Published on February 29th, 2016 | by Guest2
5 Great Apps for Managing Remote Workers
The business process of managing employees who work remotely is quite different from the traditional paradigm of onsite workplace management. There are a few challenges involved with remote management; being able to instill productivity, morale and a spirit of teamwork takes on a new dimension when workers are not physically present at the same place.
The remote management of employees can only be as effective as the tools used for this task. To some extent, the simple management of freelancers and casual workers can be accomplished with some of the tools found in productivity suites such as Microsoft Office 365; however, monitoring remote teams of fulltime employees will require more advanced and comprehensive solutions such as the ones listed here:
Remote teams cannot be expected to collaborate on complex tasks or project solely by exchanging emails, attachment and phone calls. At some point, hundreds of messages will start to pile up while files are being edited without clear log changes. Asana is a cloud-based solution that focuses on collaborative teamwork and efficient project management. This product features messaging, monitoring of tasks, conversational threads, calendars, dashboards, and integration with other cloud services such as Dropbox and Google Drive. Asana is a free trial that can be upgraded with a base $21 per month subscription.
This powerful project management tool combines simplicity with very efficient tracking of activity as well as productivity. With HiveDesk, workers check in from a centralized location; this feature is reminiscent of the traditional timecard paradigm, and it adds the convenience of weekly timesheets. In addition to project management, HiveDesk managers can remotely take screenshots of individual screens, and a webcam feature provides enhanced monitoring as well as video conferencing. Pricing starts at $14 per month for two employees.
Easy projects do not require complex management. IDoneThis is a simple solution that gives both managers and remote workers significant freedom by offering a single email feature for everything. Daily updates can be glimpsed throughout the day; at the end of each shift or work period, employees complete an email that allows them to compile their activity. When the manager checks in the next day, a neat team report is ready to be evaluated. The cost of IDoneThis is $5 per month.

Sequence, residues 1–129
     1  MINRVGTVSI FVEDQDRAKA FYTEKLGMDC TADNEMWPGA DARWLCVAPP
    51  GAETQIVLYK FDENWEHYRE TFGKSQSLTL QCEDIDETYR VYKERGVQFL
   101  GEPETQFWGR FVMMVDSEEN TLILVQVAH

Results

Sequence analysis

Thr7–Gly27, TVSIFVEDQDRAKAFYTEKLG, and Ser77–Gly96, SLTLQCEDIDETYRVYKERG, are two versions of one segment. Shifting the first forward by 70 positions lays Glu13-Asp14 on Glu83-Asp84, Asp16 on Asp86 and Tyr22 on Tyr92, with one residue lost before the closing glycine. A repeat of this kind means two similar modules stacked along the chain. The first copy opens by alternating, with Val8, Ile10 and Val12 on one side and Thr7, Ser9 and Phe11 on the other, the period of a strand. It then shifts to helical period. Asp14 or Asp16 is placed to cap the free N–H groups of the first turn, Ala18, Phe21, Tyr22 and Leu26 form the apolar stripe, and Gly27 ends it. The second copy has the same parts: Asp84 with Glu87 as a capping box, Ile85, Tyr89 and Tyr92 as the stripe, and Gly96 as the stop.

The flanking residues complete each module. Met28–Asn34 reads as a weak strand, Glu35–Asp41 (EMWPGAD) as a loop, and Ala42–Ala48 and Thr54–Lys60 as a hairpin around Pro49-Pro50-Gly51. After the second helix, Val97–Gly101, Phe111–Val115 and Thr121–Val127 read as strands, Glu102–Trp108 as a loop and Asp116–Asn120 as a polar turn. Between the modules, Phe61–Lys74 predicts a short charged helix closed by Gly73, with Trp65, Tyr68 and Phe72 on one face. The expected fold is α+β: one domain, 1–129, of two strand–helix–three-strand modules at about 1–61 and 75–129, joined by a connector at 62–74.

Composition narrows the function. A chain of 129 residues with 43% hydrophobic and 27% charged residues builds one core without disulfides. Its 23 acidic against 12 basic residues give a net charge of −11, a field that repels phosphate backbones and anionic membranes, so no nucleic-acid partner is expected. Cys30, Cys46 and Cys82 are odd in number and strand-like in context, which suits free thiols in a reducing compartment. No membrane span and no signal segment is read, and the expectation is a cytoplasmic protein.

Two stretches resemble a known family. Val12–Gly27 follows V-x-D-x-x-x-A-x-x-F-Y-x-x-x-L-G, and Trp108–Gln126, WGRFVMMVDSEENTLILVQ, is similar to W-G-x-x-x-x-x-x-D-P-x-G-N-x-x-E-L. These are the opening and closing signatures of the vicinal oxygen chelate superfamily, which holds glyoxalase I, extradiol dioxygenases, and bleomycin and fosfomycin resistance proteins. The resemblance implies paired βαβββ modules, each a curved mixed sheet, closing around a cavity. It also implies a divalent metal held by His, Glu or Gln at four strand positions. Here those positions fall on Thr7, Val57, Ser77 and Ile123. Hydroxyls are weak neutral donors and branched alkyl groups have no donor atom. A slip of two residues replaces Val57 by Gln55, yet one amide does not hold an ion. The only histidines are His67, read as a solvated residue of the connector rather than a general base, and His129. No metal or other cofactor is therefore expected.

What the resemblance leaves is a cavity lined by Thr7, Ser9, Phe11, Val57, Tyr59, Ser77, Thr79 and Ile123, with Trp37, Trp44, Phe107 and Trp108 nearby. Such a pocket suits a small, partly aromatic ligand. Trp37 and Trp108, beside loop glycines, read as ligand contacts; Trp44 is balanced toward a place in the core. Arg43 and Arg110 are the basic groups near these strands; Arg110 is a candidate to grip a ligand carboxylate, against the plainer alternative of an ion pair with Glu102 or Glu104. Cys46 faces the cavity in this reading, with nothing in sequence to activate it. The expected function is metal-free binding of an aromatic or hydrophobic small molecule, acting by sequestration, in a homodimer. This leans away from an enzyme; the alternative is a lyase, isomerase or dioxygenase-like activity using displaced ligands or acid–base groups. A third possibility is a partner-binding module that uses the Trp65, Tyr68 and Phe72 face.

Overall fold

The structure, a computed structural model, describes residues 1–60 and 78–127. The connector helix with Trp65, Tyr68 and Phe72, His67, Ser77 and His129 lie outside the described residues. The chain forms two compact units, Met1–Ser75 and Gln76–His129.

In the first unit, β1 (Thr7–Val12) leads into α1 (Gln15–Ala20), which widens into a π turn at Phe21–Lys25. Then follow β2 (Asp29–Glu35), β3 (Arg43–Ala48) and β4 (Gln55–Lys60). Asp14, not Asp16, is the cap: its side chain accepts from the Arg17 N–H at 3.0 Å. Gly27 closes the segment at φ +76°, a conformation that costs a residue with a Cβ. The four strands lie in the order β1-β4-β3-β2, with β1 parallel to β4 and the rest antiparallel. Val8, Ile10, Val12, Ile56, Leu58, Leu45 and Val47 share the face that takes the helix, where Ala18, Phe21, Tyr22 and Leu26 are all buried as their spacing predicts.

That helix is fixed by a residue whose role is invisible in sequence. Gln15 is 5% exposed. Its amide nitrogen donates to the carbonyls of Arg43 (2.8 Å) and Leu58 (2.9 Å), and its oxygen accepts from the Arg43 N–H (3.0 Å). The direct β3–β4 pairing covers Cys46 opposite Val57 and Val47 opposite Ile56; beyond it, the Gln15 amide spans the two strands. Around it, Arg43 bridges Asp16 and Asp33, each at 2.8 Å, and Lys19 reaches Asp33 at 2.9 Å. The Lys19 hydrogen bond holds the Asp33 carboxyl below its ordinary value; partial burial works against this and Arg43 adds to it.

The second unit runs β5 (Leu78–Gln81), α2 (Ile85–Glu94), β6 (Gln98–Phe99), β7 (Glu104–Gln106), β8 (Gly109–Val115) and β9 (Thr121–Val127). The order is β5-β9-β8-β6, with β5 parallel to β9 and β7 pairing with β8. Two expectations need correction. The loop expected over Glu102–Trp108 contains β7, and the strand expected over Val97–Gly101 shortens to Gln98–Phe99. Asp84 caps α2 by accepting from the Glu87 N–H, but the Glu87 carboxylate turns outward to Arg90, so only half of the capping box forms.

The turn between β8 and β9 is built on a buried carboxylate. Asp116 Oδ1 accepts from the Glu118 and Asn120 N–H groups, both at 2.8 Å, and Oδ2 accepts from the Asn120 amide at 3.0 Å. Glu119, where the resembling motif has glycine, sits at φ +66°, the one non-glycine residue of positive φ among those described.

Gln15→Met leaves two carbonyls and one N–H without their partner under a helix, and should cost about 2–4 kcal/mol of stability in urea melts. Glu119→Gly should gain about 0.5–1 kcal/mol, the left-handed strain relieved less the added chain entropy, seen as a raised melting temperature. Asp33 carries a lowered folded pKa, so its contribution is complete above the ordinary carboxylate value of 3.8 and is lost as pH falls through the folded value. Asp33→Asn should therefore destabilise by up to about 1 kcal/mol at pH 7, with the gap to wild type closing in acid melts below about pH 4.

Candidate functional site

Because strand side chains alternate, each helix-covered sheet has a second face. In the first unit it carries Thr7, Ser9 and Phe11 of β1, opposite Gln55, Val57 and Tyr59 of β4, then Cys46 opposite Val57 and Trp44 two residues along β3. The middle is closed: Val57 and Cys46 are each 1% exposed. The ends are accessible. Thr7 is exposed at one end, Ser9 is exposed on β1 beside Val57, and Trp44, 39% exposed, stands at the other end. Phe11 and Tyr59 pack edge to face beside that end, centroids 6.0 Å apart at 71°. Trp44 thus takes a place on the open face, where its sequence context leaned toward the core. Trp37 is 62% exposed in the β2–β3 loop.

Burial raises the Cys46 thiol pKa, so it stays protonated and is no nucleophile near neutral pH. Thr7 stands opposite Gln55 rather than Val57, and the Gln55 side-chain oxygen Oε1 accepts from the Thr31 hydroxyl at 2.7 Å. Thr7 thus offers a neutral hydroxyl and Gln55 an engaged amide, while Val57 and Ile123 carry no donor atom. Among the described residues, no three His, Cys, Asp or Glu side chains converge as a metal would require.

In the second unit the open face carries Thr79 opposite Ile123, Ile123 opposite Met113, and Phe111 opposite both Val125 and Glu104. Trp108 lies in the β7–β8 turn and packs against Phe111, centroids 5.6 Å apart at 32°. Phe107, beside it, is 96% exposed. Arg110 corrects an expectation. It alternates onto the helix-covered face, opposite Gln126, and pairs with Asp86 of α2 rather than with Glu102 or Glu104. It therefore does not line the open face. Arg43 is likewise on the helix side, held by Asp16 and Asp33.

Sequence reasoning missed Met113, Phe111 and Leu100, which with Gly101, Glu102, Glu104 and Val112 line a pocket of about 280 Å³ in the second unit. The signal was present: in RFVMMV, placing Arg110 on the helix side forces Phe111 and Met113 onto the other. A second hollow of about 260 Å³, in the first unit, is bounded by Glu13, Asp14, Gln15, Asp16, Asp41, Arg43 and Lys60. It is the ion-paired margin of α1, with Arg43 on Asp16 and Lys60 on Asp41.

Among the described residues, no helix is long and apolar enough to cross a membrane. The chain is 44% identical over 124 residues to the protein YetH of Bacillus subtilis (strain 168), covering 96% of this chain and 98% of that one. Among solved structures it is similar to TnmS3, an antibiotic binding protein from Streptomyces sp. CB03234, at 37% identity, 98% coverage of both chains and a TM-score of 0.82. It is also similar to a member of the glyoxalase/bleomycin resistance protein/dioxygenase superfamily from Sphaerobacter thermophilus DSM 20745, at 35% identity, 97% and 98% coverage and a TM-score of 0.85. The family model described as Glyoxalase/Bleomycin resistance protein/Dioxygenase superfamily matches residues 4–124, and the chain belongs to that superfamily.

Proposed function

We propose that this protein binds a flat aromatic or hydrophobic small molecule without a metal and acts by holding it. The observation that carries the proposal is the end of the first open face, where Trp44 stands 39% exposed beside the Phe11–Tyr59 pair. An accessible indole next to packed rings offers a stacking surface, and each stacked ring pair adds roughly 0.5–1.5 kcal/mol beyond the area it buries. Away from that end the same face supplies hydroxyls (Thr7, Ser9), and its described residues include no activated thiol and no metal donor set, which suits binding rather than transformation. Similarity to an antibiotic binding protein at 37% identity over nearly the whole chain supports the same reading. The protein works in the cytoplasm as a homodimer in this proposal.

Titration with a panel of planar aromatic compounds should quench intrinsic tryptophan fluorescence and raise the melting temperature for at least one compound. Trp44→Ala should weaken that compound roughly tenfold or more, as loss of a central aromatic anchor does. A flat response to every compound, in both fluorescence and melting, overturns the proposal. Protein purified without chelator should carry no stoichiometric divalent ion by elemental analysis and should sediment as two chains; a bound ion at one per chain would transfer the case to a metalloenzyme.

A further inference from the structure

Knowing what remote employees are actually doing during work hours is one of the most difficult issues when employing telecommuters, and this is one of the strongest features of Worksnaps. Companies that deal with sensitive projects and confidential information especially face a considerable challenge when they hire telecommuters. When accountability is of the essence, Worksnaps can not only take remote screenshots; it can also track cursor motion, keystrokes, and applications used. This allows employers to make sure their remote employees are actually getting the work done instead of procrastinating during work hours.
Time-sensitive projects can be easily tracked with Toggl, a remote management tool that is based on a simplified timer paradigm. Toggl is a time-tracking online app that is essentially controlled with a single mouse click or a tap on a touchscreen. Once workspaces are defined in Toggl, managers can input relevant employee and task information so that they can begin tracking projects and productivity. The reports produced by Toggl from simple clicks are very impressive, and they can be used to produce timesheets, productivity assessments, invoices, and more.
In the end, choosing the right tool for remote employee management is a great start for companies that need to stay on top of productivity and operations. Once a tool has been implemented, it is important to let employees know about how they work and the extent of monitoring and tracking conducted.
Jill Phillips is a freelance writer from Buffalo, NY. She is extremely passionate about technology, and loves to share her insight on various tech topics. When she is not writing, Jill enjoys taking photos and hiking with her dog. You can find her on Twitter @jillphlps